On “Beat Sandwich” as guitars flow through the recording, Gleson’s echo-y vocals were saturated with reverb. The song combines hip hop-centered beats with a rock-based sound. The band does a total sonic flip with the acoustic number “Can’t Be Gone.” The guitar fuels Gleson’s dynamic vocals. In this fiery piece, I could really feel the range of emotions underlining the track. Moody bass moves the music forward on “Under Wood Milk.” Glesen utters the lyrics in a half-sing-song manner all the while unveiling a spoken word vibe. Synths come in, coloring in more of the ambience. On “Circles,” an epic drumming beat that felt like the rhythms you would hear marching into war felt exciting and raw. “Of All The Authors” starts off with a dramatic drumming beat as full-ranging guitars add traction to this song. As percussions liven up the mood, this proved to be one compelling closer.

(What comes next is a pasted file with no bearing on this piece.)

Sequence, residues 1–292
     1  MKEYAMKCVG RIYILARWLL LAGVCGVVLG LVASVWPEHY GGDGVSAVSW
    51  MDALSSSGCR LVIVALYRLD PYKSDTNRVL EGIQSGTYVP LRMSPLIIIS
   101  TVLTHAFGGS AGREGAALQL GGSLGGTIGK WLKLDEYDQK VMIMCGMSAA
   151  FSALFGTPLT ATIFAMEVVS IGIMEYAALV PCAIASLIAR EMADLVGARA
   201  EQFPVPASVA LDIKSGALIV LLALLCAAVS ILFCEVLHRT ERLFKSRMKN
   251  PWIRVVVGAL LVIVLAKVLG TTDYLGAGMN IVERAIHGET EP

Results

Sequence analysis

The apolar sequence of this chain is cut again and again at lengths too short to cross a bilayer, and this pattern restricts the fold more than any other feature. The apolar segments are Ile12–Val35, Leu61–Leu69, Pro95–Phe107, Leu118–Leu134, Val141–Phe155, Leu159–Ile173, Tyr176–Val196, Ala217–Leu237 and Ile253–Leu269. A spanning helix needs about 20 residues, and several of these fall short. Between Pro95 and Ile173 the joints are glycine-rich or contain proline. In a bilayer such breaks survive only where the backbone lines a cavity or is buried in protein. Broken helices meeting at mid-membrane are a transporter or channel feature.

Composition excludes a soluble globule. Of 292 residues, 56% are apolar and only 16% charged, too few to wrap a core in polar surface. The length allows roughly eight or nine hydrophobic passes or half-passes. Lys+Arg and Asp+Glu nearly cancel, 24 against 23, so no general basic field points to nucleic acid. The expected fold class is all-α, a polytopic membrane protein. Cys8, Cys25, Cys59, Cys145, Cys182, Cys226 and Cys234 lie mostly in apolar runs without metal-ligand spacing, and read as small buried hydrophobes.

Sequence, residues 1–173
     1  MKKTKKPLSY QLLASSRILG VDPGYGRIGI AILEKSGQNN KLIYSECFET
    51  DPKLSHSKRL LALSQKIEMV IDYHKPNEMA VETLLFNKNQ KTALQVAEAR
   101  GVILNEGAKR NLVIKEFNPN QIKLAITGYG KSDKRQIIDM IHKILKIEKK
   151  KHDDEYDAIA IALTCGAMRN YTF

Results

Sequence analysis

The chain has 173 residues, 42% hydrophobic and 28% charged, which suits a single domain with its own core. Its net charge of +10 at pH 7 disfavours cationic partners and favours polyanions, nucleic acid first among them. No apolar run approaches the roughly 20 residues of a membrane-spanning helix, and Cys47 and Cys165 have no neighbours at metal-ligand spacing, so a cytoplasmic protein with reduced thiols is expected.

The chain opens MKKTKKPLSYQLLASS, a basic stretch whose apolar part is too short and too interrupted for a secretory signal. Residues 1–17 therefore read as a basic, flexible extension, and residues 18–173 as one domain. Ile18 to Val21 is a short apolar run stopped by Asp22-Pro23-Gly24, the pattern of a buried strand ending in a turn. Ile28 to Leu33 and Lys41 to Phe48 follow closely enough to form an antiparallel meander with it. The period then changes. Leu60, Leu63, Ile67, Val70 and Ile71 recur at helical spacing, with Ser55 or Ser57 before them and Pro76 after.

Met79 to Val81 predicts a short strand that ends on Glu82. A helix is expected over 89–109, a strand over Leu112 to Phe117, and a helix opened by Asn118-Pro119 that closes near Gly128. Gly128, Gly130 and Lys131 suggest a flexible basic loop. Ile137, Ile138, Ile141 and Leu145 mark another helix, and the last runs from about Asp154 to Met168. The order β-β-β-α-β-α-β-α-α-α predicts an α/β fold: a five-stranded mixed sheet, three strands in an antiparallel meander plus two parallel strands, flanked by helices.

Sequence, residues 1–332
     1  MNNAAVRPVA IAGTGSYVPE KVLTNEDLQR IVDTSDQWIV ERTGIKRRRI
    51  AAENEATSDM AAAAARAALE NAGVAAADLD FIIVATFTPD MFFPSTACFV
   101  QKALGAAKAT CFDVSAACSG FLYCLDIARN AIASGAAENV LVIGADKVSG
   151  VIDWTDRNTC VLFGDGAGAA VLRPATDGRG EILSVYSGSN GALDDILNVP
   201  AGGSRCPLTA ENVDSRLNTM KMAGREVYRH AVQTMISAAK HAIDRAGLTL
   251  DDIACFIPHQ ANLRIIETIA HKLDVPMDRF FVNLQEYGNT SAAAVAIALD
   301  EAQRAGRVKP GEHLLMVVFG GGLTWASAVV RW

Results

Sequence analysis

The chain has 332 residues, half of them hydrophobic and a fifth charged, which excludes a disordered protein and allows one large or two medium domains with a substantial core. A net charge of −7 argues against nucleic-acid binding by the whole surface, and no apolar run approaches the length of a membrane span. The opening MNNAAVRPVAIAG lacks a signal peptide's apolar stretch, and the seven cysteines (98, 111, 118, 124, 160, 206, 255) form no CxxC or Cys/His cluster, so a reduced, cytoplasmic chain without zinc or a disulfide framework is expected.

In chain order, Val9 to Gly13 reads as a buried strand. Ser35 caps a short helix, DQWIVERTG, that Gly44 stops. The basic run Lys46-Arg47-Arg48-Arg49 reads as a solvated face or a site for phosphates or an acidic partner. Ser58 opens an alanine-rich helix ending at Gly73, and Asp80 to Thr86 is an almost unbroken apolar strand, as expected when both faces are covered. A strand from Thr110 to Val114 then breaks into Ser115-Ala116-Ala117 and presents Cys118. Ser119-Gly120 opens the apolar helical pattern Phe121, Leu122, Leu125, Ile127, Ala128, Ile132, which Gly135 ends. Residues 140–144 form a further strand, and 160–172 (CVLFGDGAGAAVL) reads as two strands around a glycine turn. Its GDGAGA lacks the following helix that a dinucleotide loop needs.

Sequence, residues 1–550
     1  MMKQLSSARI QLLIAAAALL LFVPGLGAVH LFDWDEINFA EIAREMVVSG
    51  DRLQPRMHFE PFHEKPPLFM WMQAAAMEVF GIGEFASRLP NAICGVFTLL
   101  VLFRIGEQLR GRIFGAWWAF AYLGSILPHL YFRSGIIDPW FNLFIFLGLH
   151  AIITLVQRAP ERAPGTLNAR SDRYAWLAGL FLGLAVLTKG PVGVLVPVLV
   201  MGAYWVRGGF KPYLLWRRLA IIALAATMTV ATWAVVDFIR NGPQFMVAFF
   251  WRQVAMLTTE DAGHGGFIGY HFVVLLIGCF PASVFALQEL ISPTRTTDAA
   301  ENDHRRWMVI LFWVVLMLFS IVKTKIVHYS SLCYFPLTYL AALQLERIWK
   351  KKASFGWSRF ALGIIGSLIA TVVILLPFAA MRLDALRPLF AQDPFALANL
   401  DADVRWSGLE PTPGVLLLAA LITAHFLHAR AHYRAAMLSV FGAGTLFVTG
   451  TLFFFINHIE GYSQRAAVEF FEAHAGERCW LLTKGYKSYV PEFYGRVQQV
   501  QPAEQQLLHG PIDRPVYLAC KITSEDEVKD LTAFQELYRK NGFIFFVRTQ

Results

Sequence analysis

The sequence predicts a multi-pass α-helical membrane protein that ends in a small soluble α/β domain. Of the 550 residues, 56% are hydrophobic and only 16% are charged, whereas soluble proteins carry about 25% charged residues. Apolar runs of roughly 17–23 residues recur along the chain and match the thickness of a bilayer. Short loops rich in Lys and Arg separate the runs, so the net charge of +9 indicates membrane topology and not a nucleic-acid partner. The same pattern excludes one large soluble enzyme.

The lo-fi quality to the music offered up a very raw sound that points to the band’s live sound. While you can tell right from the start that this was a home recording, Gleson makes music that felt very unadulterated. Due to its unpolished sounds, the notes of indie rock, post-punk and goth within these tracks felt very unrestrained and free of boundaries.
While the majority of these tracks went for a more indie rock-based sound, I really felt that his acoustic renderings like on “Can’t Be Gone” really hones into an organic vibe. With stripped-down layers on the guitars, the simplicity of the track goes on to aptly support the overflowing emotions brimming on his vocals. I felt that an album going in that direction would really embrace his rock roots while also fleshing out the sound that he was going for. While I would like to see more tracks in that order, this was a solid first effort, and only goes to show that this is only the beginning for the artist. I look forward to seeing what new sounds he cooks up next.